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Airdate: Dec 03, 2014
Scientist: Linsey Marr

Ebola - Unexpected Vector

Ebola - Unexpected Vector
There may be other ways for a virus to be launched into the air other than by coughing and sneezing.

Transcript:
Ebola Unexpected Vector

A virus is usually considered to be "airborne" if it can be spread by coughing or sneezing or even talking. Well, it turns out there may be other ways for a virus such as Ebola to get into the air. I'm Jim Metzner and this is the Pulse of the Planet.

Marr: Ebola does not appear to be airborne, or if it is, it's a very very low chance of that happening.

Lindsay Marr I'm a professor of civil and environmental engineering at the Virginia Tech Center for Sustainable Nanotechnology.

Marr: The pattern of how the disease happens, in that only people who are in very close contact with sick people tend to get sick, suggests that it's not airborne. That said, there may be a chance under a very limited set of conditions, where the virus could be found in air.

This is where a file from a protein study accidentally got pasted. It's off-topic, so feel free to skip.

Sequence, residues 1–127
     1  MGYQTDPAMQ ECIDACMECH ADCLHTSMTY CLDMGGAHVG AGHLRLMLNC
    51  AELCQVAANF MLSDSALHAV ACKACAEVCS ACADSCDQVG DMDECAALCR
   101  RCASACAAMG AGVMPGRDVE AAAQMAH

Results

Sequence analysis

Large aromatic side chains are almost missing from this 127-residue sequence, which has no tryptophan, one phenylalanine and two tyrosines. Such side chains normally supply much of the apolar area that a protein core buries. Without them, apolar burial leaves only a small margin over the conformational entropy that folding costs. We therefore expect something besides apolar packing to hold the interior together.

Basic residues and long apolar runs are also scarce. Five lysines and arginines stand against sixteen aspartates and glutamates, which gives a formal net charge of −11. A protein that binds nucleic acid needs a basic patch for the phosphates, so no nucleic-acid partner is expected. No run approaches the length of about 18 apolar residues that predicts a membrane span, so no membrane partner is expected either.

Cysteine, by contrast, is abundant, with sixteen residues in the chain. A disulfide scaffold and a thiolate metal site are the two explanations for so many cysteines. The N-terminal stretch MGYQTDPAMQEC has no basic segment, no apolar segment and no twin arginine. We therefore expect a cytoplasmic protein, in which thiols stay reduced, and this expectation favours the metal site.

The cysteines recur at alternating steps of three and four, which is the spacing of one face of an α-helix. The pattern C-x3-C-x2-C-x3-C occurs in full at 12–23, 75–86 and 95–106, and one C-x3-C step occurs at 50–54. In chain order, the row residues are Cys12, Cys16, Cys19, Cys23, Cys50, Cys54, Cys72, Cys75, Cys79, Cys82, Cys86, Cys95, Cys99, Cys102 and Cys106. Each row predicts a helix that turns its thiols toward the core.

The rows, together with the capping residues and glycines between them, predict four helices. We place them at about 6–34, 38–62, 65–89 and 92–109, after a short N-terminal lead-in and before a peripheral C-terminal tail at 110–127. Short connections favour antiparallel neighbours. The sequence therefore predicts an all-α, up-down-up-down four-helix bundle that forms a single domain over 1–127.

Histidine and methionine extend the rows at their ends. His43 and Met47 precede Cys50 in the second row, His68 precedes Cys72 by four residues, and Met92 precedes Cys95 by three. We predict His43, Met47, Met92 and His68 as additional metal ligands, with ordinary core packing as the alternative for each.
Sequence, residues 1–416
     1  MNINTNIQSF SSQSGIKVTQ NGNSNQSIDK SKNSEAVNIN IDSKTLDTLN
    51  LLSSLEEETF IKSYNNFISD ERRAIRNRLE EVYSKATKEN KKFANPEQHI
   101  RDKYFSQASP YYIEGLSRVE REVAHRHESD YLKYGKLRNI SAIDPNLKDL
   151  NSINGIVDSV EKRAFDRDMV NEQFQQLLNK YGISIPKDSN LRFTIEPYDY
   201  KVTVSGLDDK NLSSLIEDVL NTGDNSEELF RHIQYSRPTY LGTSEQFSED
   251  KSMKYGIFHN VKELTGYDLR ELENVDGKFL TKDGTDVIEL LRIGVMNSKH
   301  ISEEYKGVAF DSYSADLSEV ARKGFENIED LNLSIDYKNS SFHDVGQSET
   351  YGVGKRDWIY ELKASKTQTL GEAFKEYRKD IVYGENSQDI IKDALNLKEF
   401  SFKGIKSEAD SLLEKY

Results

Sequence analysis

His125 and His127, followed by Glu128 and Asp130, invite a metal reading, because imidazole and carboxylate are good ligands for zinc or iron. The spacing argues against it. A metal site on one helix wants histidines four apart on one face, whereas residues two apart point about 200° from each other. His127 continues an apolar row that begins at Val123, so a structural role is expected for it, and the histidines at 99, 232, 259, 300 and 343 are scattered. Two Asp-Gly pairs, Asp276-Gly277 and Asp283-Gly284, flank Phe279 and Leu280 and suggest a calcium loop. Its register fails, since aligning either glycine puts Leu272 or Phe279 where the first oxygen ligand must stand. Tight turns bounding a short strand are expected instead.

Ebola is known to cause a lot of diarrhea. And we know from prior studies that when you flush a toilet, that it creates aerosols and large droplets. And people have shown that bacteria and viruses seeded into the toilet bowl can be found in the air after flushing. So this is one possible route of transmission. It probably would not be much of one in Africa where they probably don't have as many flushing toilets as we do. So it's a possibility, but this route of transmission has never been proven. It has been speculated about.
It seems like it would be a good idea to put the lid down before flushing with Ebola patients. I don't know if hospitals if the toilets all have lids or not but, it certainly wouldn't hurt. There have been several studies looking into this question and it does definitely reduce the amount of aerosols that come out of the toilet.

Airborne transmission of ebola does not appear to be a risk at all to the general public. But for healthcare workers, I don't think we have enough evidence to rule it out completely.

I'm Jim Metzner and this is the Pulse of the Planet.